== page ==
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Art's aqueducts
Published in Al-Ahram Weekly on 07 - 03 - 2019

“Multipolar World” is the title of a recent Misr Gallery exhibition (10-24 February) by the Paris-based Swedish artist Fabian Edelstam. A collection of 15 mixed media works in four different sizes, this is the artist's first solo exhibition in Egypt, and it demonstrates his fascination with the history and art of the country and the region.
Facing you as you enter the space, a huge portrait of Um Kolthoum in fluorescent green has a hazy image of the Sphinx in the background. It sets the tone. As with the rest of the works, the piece is made up of photo paper squares pasted onto canvas, which gives it a distinct mosaic-like quality. As in a puzzle, some squares are missing, making room for the viewer's mental freedom and imagination.
Sultan Abdel-Hamid II
Born in Stockholm in 1965, Edelstam is the grandson of a diplomat who served in the Middle East, which seems to have prompted recurrent visits to the region reflecting a love of Arab culture. Edelstam studied graphic design in Stockholm before moving to France in 1990, initially to continue studying art. He gave his first solo exhibition in 1993 and has since exhibited all over the world including, notably, in Brussels and London as well as Paris.
In 1997-2013 the artist made commercial and commissioned portraits, his subjects including Giorgio Armani in 2004 and Queen Silvia of Sweden in 2013. But his exhibitions in the last five years reveal a yearning for a more complex approach to portraiture. Last year he gave an exhibition in Bulgaria to celebrate the commemoration of the European Union, the collaboration and common history of its member countries.
In 2017, Edelstam started to exhibit in the Gulf area. He was on tour in the United Arab Emirates when the desert began to haunt him, and so a collection was born. “The climate is very different from Europe, so are the people and their traditions,” he told Al-Ahram Weekly. The theme of his exhibition was revisiting UAE 40 years after its establishment, exploring its contemporary culture and art.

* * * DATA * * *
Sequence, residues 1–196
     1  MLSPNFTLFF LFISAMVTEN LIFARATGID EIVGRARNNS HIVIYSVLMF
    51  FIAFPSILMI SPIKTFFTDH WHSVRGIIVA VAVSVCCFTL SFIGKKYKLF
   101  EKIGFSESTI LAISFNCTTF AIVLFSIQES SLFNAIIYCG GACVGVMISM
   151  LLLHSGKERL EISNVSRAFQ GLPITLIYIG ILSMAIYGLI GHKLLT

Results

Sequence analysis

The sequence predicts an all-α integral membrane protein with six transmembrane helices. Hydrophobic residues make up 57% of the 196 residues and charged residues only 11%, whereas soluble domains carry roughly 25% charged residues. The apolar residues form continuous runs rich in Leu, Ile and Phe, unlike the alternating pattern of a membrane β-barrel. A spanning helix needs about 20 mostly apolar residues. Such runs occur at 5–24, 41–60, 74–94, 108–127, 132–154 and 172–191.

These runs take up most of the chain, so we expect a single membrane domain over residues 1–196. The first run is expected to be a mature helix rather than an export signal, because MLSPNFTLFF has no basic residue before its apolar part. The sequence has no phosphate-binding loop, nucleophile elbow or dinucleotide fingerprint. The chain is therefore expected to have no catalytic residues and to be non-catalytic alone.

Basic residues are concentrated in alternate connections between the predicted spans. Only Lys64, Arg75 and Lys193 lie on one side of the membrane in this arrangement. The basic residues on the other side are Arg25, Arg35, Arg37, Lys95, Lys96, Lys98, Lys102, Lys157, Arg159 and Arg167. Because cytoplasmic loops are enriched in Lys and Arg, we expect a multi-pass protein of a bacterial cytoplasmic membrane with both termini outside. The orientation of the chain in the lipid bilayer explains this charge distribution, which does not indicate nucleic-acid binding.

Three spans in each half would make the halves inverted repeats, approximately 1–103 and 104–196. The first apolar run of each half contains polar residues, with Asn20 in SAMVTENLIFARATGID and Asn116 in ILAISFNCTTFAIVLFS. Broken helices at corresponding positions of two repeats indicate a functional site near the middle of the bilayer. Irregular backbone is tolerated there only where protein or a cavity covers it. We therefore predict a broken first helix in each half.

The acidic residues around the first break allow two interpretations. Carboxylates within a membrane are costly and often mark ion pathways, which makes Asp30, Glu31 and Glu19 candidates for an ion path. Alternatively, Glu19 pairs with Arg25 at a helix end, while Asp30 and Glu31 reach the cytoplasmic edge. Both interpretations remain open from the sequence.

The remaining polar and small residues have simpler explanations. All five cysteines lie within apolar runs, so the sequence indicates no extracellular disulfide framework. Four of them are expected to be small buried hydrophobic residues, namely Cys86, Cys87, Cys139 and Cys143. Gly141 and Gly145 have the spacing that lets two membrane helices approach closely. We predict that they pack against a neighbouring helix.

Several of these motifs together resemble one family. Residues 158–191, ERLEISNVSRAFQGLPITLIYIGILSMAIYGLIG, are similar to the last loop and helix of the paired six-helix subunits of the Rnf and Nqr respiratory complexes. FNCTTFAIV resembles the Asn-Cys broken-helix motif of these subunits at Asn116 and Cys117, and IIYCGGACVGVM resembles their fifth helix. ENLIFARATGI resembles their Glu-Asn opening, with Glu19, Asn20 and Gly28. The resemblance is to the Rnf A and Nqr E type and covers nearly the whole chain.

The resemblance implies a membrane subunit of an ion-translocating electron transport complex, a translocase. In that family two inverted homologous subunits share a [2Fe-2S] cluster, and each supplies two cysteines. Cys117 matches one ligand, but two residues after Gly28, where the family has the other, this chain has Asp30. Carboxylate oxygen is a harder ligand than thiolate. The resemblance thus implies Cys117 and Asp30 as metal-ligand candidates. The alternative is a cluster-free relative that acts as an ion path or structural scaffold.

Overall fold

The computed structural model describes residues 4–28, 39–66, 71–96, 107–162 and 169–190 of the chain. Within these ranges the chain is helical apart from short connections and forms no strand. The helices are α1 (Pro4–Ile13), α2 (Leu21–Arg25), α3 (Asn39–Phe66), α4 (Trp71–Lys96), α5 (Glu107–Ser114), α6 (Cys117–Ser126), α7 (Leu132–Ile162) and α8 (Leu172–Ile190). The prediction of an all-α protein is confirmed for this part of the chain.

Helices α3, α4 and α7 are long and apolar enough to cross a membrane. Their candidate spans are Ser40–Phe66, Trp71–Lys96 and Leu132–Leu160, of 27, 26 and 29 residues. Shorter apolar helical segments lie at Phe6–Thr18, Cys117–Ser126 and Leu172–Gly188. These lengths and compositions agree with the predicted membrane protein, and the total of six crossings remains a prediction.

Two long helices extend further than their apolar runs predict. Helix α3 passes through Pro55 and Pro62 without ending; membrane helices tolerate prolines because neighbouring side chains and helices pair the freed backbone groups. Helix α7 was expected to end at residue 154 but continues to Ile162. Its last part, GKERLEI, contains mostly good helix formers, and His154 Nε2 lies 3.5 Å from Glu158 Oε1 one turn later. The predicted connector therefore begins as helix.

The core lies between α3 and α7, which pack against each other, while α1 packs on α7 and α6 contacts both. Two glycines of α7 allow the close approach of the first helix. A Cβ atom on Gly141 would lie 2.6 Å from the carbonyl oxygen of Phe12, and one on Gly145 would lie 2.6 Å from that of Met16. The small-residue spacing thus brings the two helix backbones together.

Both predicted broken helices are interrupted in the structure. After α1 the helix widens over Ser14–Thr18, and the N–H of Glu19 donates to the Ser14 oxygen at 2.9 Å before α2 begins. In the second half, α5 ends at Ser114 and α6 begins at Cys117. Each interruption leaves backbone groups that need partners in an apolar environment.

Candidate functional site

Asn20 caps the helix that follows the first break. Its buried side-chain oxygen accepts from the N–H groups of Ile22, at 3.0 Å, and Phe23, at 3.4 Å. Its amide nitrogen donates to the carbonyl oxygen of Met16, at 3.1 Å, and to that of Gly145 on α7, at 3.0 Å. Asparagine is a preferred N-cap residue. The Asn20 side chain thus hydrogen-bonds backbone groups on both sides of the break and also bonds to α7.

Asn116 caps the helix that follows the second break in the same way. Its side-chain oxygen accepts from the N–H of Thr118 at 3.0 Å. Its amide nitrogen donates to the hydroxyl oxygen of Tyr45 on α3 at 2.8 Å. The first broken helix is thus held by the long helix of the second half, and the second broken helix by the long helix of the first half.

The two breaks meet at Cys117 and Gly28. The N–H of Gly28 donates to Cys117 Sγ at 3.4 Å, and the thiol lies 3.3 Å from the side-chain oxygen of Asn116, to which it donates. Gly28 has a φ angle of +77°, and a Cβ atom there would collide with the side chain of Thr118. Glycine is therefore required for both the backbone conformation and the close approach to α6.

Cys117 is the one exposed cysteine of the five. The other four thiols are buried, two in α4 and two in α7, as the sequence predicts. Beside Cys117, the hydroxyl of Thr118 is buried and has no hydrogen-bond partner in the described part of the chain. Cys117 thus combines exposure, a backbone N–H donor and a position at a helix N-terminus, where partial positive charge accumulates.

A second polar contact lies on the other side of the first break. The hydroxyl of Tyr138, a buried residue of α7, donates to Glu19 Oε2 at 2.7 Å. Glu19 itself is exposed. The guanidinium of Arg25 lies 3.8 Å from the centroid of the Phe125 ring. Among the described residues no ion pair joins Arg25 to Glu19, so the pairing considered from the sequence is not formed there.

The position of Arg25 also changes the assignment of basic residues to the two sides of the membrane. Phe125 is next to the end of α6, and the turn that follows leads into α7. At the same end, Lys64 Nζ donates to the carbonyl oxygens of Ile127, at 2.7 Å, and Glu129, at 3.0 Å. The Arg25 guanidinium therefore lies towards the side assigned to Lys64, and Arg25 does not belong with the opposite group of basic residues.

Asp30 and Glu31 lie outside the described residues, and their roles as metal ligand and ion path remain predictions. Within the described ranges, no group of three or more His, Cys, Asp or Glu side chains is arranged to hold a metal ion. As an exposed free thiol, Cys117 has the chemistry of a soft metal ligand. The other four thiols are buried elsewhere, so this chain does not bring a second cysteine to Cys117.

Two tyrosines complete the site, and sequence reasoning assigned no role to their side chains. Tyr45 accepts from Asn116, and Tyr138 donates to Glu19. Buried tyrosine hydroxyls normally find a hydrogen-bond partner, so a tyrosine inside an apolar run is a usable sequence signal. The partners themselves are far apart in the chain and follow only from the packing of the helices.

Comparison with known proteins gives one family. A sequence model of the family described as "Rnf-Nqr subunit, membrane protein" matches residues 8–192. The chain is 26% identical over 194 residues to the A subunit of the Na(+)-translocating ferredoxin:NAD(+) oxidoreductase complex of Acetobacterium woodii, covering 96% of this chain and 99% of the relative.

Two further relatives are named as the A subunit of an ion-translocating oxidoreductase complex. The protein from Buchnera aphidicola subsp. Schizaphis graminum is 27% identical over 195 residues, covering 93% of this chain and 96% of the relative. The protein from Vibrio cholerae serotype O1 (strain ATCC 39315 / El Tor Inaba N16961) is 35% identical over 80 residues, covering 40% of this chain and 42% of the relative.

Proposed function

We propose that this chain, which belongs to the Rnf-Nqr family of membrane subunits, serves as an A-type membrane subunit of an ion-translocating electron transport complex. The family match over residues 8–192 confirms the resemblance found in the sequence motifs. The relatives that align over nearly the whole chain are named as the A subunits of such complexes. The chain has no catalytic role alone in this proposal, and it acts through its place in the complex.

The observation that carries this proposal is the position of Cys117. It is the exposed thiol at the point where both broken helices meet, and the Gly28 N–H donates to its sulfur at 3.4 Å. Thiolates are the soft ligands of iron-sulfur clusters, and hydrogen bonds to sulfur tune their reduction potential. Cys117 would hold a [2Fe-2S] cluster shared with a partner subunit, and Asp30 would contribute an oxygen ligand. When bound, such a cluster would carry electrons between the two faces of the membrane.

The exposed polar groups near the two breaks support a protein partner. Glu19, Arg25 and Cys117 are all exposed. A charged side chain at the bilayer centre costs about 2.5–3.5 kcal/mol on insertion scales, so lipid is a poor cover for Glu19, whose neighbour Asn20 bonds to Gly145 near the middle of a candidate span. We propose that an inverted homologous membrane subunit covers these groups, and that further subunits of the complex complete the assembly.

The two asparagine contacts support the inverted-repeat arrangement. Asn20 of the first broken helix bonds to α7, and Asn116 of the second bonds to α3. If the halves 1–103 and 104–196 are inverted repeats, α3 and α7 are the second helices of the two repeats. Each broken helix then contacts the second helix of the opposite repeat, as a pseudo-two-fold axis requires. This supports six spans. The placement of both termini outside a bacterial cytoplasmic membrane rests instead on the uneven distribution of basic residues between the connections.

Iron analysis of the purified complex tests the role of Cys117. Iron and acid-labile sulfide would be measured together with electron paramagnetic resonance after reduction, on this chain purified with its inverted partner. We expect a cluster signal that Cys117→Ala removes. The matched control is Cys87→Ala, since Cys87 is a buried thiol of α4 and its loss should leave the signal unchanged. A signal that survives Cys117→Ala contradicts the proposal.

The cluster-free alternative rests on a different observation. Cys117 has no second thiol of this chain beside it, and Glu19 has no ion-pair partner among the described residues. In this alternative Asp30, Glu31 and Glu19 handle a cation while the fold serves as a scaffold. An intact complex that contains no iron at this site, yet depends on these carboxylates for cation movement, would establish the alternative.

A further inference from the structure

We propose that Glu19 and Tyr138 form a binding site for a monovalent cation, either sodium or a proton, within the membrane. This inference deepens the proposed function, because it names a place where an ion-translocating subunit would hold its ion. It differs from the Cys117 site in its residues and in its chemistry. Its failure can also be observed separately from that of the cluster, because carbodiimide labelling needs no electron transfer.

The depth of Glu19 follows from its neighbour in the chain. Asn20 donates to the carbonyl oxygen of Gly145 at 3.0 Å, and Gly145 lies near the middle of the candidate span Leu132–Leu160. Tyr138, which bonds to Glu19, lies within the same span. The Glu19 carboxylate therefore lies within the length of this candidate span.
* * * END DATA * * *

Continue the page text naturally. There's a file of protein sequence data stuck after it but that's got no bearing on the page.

Omar Sherif
The artist gave his present show the title “Multipolar World” for a personal reason: “During my childhood, the world was subject to a bipolar system. The Cold War was the main political game. Now, things have changed a lot. We currently live in a multipolar world. The power game has changed.”
To elaborate the influence of a multipolar world on his awareness, he chose such glamorous characters such as Egyptian royals king Farouk and princess Fawziya, Swedish Queen Silvia, Ottoman Sultan Abdul-Hamid II, pre-1952 Egyptian Prime Minister Mustafa Al-Nahhas and the great diva Um Kolthoum, with icons and heads of state from Europe and Turkey. It is a nostalgic experience. Seeing such powerful characters grants the viewer a nostalgic feeling.
“They feed us the dream once again,” he says, “and so help us to stay alive in such materialist times. I have travelled many times to the Middle East. It is part of my growing-up process. So I have memories, and I have kept materials from my recurrent visits such as stamps, pictures or maps,” he explained. “It is all about the way I reconstruct those images.” For each canvas, what is more, he chooses a different colour as a background: “Choosing colours comes very naturally at the moment I start working on the computer. It is organic, simultaneous.”
One interesting nostalgic work entitled “Palm Springs” illustrates some beautiful women in swimsuits relaxing by a swimming pool in Florida at the time of the economic boom after World War II. A lady who looks somewhat like the Syrian-Egyptian singer Asmahan turns out to be Edelstam's grandmother. The resemblance is remarkable and underlines the thin line separating the two worlds of east and west.

Al-Nahas Pacha
“I chose images from different parts of the world to confirm the idea that we are in the same boat,” he insists. Edelstam is planning a project in Cairo later this year. “I think we need to work towards building more cultural bridges between different parts of the world. And visual art is the best language that we all understand.”

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